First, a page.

FDA panel: Cancer drug Avastin should no longer be used


The ruling clears the way for the government to remove its endorsement from Avastin.

When it was first introduced, /*Avastin*/ was considered a wonder drug, and many breast cancer patients believe it's keeping them alive.

The unprecedented vote Wednesday by the Food and Drug Administration advisory panel comes less than a year after the same panel reached the same conclusion.

In three unanimous votes, the six members of the FDA oncology drug panel voted that Avastin is ineffective, unsafe and should have its approval for breast cancer withdrawn.

"I think we all wanted Avastin to succeed but the reality is that these studies did not bear out that hope," said Natalie Compagni-Portis, the lone patient representative on the FDA panel.

The vote is not binding and FDA Commissioner Margaret Hamburg will make the final decision.

Immediately after the final vote, patients in the audience erupted in shouts against the FDA and its panelists.

"What do you want us to take!? We have nothing else!" shouted Christi Turnage, of Madison, Miss. Turnage said her cancer has been undetectable for more than two years since starting therapy with Avastin.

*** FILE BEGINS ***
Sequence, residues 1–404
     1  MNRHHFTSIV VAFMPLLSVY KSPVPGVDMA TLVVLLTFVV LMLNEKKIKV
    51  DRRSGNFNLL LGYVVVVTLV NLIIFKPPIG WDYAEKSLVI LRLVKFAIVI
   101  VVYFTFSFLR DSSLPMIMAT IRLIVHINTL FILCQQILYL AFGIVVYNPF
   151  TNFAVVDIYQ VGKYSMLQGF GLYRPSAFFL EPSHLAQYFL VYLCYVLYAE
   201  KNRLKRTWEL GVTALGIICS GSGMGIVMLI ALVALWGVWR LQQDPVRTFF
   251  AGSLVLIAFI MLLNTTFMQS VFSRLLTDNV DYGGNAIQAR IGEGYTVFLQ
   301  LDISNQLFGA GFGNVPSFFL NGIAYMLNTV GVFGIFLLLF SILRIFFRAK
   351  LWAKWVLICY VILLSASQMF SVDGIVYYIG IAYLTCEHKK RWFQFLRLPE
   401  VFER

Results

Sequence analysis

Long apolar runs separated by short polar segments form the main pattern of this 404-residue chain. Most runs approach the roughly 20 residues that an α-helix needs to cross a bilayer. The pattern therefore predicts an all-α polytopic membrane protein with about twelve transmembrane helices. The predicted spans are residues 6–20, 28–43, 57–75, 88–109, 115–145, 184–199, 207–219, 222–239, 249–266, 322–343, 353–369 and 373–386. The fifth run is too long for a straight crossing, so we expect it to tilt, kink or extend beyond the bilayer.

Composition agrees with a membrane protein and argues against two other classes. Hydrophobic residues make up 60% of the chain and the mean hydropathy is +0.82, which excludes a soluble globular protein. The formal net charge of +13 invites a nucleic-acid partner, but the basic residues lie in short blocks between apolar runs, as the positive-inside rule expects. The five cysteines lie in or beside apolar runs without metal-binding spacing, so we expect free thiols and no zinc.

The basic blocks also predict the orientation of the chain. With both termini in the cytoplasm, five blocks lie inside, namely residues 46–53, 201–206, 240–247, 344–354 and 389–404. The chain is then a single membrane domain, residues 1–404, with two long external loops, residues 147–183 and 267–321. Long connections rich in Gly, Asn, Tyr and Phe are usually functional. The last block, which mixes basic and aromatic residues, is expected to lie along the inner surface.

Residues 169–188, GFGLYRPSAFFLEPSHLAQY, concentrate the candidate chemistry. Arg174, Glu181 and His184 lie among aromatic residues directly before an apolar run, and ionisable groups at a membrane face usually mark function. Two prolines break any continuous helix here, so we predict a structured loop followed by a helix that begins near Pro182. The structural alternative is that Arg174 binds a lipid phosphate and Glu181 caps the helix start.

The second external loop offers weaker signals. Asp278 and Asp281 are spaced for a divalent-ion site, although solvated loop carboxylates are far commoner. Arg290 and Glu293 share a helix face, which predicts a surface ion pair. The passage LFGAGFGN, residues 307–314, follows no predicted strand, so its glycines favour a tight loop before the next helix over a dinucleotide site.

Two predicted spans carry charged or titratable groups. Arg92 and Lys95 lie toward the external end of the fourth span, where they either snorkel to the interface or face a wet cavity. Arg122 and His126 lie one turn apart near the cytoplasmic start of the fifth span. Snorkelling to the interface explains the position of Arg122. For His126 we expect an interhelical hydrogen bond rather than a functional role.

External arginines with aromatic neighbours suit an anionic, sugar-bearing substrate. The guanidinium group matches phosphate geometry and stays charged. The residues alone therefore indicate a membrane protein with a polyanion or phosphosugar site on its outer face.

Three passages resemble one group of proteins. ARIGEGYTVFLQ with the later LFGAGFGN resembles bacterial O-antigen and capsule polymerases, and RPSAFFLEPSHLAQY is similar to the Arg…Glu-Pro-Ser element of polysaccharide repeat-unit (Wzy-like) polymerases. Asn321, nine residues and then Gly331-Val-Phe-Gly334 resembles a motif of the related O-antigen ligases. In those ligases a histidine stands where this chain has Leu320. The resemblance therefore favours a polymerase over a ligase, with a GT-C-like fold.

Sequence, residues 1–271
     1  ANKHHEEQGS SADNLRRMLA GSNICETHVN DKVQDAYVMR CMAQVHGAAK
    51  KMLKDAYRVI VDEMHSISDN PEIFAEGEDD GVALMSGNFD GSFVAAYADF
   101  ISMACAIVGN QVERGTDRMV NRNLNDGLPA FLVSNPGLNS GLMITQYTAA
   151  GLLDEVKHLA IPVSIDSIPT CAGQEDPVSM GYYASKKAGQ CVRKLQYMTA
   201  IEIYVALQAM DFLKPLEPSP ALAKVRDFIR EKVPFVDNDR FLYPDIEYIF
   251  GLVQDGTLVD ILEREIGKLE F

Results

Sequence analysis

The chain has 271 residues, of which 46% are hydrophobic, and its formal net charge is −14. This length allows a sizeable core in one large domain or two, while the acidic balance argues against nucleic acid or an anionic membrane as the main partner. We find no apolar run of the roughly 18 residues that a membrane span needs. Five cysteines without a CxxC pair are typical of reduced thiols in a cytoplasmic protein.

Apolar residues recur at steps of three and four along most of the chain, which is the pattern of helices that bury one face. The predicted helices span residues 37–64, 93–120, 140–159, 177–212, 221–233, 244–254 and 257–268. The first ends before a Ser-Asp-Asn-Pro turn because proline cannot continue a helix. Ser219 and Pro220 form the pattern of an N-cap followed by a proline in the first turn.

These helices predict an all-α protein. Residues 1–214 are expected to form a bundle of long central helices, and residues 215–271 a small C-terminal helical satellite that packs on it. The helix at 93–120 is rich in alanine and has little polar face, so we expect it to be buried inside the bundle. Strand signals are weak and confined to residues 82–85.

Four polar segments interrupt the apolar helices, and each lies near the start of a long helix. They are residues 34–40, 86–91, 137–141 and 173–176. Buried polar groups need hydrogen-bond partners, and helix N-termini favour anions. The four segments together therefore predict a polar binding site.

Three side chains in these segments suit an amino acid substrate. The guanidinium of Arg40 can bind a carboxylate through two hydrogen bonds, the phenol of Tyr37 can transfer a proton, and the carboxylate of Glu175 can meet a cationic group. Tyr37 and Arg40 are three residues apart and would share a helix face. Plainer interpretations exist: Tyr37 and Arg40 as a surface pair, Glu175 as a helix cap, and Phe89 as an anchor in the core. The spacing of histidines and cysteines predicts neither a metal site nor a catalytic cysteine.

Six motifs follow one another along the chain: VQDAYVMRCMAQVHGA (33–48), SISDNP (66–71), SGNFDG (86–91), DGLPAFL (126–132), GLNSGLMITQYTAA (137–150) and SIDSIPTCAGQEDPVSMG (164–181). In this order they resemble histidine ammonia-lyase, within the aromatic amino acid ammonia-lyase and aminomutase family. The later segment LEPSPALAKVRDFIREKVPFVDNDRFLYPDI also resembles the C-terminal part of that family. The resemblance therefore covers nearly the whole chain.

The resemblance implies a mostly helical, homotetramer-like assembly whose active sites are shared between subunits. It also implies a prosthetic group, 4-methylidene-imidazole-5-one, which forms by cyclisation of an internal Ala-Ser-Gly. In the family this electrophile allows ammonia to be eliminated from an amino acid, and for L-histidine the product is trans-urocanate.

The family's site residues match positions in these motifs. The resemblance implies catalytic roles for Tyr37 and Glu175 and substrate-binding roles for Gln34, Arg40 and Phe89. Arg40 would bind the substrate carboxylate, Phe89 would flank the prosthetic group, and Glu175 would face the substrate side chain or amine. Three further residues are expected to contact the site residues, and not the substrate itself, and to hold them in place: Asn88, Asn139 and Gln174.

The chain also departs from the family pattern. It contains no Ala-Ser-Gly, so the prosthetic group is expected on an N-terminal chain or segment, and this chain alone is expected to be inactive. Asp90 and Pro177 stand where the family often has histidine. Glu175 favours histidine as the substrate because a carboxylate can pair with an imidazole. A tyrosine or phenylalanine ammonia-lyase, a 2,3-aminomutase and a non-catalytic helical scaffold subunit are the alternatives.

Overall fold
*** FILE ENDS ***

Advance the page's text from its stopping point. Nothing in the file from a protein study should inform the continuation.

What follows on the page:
The drug was approved in 2008 to treat advanced-stage breast cancer that has spread to other parts of the body. But the concern is over the drug's effectiveness and its side effects, like holes in the stomach and intestines, severe bleeding and blood clots.

Nearly 100,000 women have used Avastin. If the FDA pulls the plug on Avastin, doctors could still prescribe it, but insurance companies wouldn't cover it. One year's treatment can run more than a $100,000.

Assuming the FDA follows through on the withdrawal, drugmaker Roche could lose up to $1 billion in revenue for its best-selling product, which generates over $6 billion per year.

The Associated Press contributed to this story.

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